This consortium enables the Foundation to negotiate and purchase resources on the individual library's behalf, based on a terms that are more sympathetic to libraries and users. For example, ‘authorised users’ encompasses individual users affiliated with authorised institutions, walk-in users, private citizens residing in Germany, and users of German research institutes in overseas. Diane Costello, Executive Officer of the Council of University Librarians (CAUL), in her response, provided the picture of the current Australian environment. Unlike the situation in Germany, CAUL is an opt-in purchasing consortium that represents its university/research library members in negotiations with the commercial vendors, and purchases are not centrally funded. It invites libraries to opt-in on specific products, and under this model only resources that have broad interests are successfully negotiated and purchased.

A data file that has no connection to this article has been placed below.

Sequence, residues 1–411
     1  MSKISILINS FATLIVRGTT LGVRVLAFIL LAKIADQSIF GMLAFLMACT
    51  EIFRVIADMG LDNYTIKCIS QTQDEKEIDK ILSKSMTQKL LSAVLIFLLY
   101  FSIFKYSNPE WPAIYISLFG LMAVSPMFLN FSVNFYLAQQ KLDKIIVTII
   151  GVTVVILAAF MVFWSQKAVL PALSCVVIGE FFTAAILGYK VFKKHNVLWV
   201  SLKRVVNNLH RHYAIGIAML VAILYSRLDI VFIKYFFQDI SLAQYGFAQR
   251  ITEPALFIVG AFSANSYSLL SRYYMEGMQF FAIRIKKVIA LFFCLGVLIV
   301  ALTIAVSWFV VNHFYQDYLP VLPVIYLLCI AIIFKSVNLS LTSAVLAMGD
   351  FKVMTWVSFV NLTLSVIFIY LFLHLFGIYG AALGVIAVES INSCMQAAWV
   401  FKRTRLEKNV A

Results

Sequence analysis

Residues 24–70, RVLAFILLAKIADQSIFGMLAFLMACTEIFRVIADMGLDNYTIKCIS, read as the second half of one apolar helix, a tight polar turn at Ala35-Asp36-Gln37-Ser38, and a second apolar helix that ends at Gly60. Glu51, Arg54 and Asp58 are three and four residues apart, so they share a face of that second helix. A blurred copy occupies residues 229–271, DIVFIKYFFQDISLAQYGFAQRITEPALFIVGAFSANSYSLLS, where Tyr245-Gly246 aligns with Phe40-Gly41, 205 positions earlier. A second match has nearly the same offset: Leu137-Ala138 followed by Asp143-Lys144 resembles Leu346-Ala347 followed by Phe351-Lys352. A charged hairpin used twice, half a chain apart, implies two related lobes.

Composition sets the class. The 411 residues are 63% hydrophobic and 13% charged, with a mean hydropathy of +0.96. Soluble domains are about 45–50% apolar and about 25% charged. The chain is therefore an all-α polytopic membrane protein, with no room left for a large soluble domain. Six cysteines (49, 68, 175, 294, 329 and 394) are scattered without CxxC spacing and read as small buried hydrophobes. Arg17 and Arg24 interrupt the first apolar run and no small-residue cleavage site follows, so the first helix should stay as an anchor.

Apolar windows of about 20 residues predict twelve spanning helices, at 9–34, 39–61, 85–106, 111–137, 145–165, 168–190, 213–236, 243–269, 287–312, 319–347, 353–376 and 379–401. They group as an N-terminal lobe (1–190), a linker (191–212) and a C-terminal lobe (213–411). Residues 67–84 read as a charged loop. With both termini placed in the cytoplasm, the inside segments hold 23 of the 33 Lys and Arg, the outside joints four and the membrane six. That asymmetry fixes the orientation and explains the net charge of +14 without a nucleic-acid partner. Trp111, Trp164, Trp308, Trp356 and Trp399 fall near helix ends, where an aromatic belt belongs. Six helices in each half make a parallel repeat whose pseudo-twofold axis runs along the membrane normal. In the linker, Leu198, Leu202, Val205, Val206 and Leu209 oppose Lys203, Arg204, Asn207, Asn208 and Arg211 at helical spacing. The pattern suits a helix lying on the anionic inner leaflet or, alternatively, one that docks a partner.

On that note, the discussion came to an end. With renewed energy and inspiration, and a sense of conviviality and camaraderie, the group disbanded to await the next instalment in two years, at the next ASAA conference. However, the ALRA committee is determined not to allow for another two years to pass without further action on at least some of the issues raised here.